The theory behind this star is the apparent extinction of large amounts of animal species, which seem to happen every 26 million years, according to David Raup and John Sepkoski at the University of Chicago. The most recent of these eradications took place 11.3 million years ago. Michael Rampino, using a different analysis, found this period to be 30 million years.

The basic idea behind the theory is that Nemesis, in it's passing, disturbs the Oort Cloud surrounding our solar system, and as a result, thousands, perhaps millions of comets will be sent out of their orbit, tumbling towards the Sun.

There is much controversy surrounding the alleged extinction theories, and very few researchers take them seriously. The main argument against it is that this star and our Sun would interact so weakly that other stars around us would jerk it out of its orbit. Also, numerous searches for large nearby objects have been conducted, and the largest detected so far has only 10 times the mass of Jupiter.


Nemesis is (also) an experimental operating system, built from the ground up to support Quality of Service (QoS) guarantees in multimedia applications. Originally developed at the Computer Lab at Cambridge University, with later contributions from University of Glasgow (Scotland), University of Twente (Netherlands) and the Swedish Institute of Computer Science.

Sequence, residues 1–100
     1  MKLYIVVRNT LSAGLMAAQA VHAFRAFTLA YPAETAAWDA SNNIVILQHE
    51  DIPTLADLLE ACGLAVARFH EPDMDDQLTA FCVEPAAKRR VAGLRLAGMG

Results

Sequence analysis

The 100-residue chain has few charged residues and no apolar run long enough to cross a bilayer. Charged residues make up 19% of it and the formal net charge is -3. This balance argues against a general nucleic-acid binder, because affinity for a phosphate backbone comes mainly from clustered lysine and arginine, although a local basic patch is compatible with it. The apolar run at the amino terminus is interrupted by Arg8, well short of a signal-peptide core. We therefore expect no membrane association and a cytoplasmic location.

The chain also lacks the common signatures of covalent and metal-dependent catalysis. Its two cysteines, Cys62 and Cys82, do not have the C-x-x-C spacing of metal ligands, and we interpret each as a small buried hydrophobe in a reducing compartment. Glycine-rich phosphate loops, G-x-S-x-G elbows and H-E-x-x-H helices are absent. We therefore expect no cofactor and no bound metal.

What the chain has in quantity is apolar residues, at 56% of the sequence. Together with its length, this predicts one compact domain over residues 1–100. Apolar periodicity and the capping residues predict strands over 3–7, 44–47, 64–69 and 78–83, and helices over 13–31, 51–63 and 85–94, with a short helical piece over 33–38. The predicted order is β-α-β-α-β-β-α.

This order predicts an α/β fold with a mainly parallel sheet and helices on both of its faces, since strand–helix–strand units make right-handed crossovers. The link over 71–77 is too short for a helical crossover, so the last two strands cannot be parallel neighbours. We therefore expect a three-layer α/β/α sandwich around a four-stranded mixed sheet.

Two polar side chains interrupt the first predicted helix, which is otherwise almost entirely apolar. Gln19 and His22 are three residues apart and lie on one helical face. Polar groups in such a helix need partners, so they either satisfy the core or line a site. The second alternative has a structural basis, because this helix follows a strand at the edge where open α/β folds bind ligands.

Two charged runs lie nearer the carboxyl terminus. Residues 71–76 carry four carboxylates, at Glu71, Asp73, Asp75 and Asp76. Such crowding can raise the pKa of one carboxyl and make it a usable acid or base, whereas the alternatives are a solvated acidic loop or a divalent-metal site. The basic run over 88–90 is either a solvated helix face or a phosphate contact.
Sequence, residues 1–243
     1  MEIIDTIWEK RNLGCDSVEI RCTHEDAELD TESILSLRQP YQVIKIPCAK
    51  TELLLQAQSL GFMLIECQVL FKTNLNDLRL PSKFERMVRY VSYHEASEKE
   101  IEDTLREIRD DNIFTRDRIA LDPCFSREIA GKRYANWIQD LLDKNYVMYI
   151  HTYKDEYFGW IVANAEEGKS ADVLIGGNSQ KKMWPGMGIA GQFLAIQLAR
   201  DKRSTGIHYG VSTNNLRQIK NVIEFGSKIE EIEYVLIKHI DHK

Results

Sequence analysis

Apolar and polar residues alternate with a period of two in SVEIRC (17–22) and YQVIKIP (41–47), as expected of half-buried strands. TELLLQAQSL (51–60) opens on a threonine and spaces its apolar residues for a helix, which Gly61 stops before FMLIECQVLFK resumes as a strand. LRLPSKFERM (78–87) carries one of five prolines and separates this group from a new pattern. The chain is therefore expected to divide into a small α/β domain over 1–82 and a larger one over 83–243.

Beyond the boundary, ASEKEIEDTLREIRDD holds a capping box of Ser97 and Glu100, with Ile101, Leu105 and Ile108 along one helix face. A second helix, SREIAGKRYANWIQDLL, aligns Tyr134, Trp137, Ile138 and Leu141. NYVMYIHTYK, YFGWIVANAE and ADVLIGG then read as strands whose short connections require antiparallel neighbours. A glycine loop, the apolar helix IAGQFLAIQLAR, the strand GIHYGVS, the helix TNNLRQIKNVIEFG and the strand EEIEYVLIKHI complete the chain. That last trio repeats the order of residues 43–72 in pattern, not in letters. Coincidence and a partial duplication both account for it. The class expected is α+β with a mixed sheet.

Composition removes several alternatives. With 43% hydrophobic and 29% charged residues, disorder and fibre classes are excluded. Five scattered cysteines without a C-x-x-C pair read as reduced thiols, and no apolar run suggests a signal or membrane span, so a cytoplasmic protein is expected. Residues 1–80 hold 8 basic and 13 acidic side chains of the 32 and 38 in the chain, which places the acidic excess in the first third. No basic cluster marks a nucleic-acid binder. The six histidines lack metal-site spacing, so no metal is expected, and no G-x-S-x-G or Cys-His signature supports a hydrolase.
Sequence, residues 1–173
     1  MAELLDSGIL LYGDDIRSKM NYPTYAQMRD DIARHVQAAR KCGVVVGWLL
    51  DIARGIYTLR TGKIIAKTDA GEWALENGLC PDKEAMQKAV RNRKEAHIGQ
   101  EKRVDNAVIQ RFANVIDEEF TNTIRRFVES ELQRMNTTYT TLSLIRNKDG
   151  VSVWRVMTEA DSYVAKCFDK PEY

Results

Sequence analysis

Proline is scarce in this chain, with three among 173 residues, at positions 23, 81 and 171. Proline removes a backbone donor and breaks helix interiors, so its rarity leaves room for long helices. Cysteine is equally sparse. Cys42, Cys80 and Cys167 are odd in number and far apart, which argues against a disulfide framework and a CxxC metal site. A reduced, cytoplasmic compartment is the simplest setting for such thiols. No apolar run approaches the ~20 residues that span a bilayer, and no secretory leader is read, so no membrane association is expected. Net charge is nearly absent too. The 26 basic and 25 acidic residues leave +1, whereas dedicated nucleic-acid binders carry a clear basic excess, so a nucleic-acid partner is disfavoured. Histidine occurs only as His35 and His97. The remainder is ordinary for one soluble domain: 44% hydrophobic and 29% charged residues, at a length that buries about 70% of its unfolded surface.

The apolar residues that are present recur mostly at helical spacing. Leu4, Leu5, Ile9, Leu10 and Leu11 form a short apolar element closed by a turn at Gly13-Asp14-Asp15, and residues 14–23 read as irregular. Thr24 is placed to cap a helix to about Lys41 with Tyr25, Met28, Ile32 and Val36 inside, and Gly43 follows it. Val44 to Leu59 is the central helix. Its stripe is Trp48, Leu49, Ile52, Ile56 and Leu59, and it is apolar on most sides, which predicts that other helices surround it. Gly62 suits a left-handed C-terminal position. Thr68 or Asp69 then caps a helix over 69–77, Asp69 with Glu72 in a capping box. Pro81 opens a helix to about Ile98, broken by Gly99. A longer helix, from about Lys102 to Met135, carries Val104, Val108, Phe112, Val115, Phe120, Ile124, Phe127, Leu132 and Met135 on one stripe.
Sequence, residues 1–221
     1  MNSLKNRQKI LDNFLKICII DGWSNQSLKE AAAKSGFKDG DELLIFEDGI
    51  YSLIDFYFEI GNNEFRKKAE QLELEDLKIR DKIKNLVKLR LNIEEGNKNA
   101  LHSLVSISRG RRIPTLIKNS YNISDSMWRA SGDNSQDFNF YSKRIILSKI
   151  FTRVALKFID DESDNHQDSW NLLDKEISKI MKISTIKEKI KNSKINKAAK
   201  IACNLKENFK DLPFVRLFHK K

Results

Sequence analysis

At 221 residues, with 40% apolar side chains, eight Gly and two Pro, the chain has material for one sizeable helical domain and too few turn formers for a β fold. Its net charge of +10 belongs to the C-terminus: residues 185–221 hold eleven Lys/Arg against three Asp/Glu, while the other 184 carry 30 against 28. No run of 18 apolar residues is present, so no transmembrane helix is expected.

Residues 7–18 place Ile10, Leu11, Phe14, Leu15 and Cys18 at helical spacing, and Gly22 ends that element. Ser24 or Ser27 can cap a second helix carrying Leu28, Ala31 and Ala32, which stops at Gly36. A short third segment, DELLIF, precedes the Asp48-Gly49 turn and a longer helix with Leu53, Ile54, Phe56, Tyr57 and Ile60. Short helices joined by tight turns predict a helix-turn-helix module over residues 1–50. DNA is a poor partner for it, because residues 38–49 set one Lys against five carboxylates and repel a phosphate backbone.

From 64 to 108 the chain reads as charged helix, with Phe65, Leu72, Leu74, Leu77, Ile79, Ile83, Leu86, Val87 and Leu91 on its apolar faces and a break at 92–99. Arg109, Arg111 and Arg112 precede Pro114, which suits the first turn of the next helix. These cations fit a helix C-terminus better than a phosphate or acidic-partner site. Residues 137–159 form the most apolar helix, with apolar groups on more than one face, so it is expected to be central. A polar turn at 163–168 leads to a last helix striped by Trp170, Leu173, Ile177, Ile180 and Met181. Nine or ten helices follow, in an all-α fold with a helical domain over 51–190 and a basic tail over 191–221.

Goals for the Operating System include not only providing the necessary support for real-time and multimedia applications, but also the provision of a stable and flexible (and largely Open Source) platform for practical research in multimedia and QoS, particularly Network QoS (largely ATM based) and Disk QoS projects at Cambridge.

What is QoS?

Quality of Service, as a general concept in computing, is more or less what you'd expect from the name. A Quality of Service guarantee states that resources necessary to complete or maintain a process are guaranteed to be available within a specified timescale, and can be applied to almost any resource available in a computer system:

For example, to play a RealVideo movie might require 56kbps of network bandwidth, some buffering in physical memory, and a small amount of CPU time for each frame. If one of these isn't available at the correct time, frames will be dropped and the movie will lose quality.

In a traditional operating system, scheduling of resource allocation to a process is based on a simple prioritized time-sharing system, typically with the CPU scheduling demand-driving other resource allocation (such as physical memory). The availability of resources to a program therefore depends on the activity of other programs on the system. In the above example, where the movie needs 56kbps of network bandwidth, the movie's playback would be affected by some other application (e.g.. NewsUpd) requiring network bandwidth, particularly if the connection was via a 56kbps.